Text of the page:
Lynn: There are risk-takers and then there are crazy risk-takers! Today we’re featuring picture books about two different, over-the-top MAJOR risk takers. The mother/grandmother in me wants these books to come with a warning about not trying this at home and the latent kid part of me is running a sound track of WOWs.
I get to go first with a book that took my breath away, Crossing Niagara: the Death-Defying Tightrope Adventures of the Great Blondin (2016) by Matt Tavares. My “wow” soundtrack started when I saw the cover and kept playing long after I closed the book, my admiration divided equally between the ridiculously risky feats of the Great Blondin and Tavares’ spectacular illustrations.
Jean Franςoise Gravelet, aka the Great Blondin, was a circus tightrope-walker longing for an amazing challenge. When he saw Niagara Falls for the first time, he knew he had found it. After stringing a tightrope from the American side to the Canadian side that was 1100 feet long and 3 inches wide, Blondin announced he would walk across on June 30, 1859. An enormous crowd gathered, convinced he would fall to his death. The daredevil proved them wrong, not only walking both ways but even performing a series of tricks. For the next two years, Blondin repeated his spectacular feat, adding additional complications such as crossing blindfolded, walking on stilts, pushing a wheelbarrow, and once, carrying his terrified manager on his back!
Tavares has paired his spectacular, large-sized illustrations perfectly to Gravelet’s stunts, providing truly beautiful views of the thundering falls as well as humor-filled scenes of the crowds. A fold-out illustration of several stunts is enough to trigger anyone’s fear of heights. This gorgeous book is a perfect choice for story hours or classroom use.
Cindy: The risky behavior in my book involves catching a bullet with a china plate . . . or ending up dead. Mara Rockliff’s Anything But Ordinary Addie: The True Story of Adelaide Herrmann, Queen of Magic (2016) is a feast for the eyes and the imagination. Young Addie didn’t want to be ordinary—she wanted to “astonish, shock, and dazzle.” She sewed herself a dance outfit and joined the ballet, shocking her family for the first of many times as she dabbled in nontraditional roles. When she proposed to Herrmann the Great, a magician, shortly after meeting him, her life truly became anything but ordinary.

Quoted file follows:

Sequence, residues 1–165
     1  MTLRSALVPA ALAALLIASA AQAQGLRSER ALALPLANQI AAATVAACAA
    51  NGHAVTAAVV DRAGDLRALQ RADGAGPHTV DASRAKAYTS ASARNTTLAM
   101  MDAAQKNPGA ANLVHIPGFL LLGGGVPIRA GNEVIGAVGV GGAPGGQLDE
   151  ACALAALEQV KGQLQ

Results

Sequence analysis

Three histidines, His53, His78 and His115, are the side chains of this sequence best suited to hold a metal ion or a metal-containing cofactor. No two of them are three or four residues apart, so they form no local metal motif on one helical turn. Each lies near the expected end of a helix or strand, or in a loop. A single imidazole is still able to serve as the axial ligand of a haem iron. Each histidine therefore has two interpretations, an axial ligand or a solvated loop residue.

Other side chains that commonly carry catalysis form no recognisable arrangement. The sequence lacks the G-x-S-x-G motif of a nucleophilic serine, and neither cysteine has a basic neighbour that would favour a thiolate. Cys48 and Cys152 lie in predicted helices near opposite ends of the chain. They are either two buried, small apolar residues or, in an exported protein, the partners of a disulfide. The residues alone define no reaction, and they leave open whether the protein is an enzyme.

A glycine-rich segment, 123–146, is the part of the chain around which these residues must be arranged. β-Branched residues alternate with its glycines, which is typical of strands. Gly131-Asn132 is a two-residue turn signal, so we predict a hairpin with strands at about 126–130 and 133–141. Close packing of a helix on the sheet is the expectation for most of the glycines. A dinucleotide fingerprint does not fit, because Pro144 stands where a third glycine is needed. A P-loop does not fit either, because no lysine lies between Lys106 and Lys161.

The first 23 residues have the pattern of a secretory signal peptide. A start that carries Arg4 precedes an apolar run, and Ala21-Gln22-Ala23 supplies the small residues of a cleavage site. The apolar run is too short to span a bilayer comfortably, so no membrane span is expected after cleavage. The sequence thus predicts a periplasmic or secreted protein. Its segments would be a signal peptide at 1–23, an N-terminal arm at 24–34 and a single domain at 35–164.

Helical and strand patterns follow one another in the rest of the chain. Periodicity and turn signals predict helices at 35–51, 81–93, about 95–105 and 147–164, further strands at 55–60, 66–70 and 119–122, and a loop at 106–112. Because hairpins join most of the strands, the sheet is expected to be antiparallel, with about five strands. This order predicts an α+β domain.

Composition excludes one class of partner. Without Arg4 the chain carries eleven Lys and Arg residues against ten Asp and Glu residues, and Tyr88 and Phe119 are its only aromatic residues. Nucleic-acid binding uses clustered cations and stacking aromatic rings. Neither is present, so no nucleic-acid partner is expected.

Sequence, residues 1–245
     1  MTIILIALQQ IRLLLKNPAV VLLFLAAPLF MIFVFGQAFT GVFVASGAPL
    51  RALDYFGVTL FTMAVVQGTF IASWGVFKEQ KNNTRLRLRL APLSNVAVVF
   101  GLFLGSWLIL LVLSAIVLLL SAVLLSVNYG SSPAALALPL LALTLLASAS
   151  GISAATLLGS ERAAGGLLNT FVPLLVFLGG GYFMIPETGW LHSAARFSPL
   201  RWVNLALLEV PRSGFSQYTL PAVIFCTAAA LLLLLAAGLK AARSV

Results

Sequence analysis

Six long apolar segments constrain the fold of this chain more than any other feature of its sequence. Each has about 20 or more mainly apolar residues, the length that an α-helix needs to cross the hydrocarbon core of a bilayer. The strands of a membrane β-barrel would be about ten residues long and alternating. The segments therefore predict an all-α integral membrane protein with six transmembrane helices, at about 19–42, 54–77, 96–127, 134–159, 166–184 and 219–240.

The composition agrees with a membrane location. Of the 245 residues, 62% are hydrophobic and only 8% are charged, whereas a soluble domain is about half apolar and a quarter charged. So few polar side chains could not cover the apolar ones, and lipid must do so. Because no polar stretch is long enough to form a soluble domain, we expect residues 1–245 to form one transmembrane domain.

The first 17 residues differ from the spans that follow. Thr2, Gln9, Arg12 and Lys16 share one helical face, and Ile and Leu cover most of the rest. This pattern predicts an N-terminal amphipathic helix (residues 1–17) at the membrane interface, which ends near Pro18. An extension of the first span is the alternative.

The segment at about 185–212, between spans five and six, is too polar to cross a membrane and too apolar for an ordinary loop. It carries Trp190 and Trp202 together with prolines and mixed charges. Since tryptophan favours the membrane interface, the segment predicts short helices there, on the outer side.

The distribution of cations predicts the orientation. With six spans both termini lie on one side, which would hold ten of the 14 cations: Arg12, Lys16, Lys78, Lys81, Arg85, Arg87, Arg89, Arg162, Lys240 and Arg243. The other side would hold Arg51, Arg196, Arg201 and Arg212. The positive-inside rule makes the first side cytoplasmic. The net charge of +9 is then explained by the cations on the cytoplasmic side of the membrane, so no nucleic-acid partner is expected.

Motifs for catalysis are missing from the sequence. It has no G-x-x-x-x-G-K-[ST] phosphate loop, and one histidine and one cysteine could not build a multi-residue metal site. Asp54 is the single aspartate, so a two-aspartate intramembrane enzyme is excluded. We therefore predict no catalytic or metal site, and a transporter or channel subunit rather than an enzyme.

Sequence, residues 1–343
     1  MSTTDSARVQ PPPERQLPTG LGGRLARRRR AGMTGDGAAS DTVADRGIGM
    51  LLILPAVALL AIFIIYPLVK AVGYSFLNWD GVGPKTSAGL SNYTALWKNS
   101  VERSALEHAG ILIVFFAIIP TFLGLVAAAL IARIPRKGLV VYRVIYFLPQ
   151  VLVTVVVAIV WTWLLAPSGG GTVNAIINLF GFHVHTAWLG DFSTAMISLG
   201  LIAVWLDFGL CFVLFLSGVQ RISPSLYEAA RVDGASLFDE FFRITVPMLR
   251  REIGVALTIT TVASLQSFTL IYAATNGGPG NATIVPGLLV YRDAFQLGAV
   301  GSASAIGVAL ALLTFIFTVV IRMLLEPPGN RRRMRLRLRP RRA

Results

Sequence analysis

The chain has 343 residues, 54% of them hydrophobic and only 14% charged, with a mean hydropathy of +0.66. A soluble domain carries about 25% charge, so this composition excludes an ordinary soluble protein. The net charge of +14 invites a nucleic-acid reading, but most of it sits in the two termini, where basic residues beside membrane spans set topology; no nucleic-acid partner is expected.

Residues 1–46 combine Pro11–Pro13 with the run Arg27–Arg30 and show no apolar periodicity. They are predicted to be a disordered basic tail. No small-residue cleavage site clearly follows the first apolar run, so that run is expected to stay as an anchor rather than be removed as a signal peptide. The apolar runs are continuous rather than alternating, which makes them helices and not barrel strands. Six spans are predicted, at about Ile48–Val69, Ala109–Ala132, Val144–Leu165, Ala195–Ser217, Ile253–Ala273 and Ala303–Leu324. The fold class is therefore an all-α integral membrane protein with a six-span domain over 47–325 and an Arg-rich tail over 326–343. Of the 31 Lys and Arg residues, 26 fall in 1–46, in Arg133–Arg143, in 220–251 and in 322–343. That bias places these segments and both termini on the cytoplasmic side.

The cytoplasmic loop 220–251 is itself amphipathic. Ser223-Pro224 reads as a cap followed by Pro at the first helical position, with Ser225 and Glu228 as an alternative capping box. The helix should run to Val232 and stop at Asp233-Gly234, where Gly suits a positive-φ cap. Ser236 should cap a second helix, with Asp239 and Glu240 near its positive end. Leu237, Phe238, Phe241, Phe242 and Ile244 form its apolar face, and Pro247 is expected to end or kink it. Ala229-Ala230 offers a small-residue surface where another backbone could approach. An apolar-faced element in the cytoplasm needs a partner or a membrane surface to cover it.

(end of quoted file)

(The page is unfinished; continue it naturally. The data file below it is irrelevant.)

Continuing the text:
Addie became Alexander Herrmann’s magician’s assistant, one night allowing herself to be shot out of a cannon without any practice, all to ensure the show went on.
He set fire to Addie.
He chopped off her head.
He made her vanish
into thin air.
After Herrmann’s death, Addie wanted the show to still go on, so she decided she would do the magic. Afraid that no one would show up to see a female magician, she decided to attempt the very dangerous bullet-catching trick. Talk about risk-taking . . . some magicians died attempting this feat.
Addie’s life story through Rockliff’s storytelling is truly astonishing, shocking, and dazzling, but so is Iocopo Bruno’s artwork illustrating this picture-book biography. Many recent middle-grade novels feature his gorgeous and distinctive cover art, such as Jinx, The School for Good & Evil, Iron-Hearted Violet and James Preller’s Scary Tales series. You’ll also recognize this talented pair from Mesmerized: How Ben Franklin Solved a Mystery that Baffled All of France.
Did I just say, “Mystery?” The fun is ready to begin as Booklist Reader joins Booklist in another month-long May celebration of mysteries. Take a risk . . . come along for the ride. What could go wrong?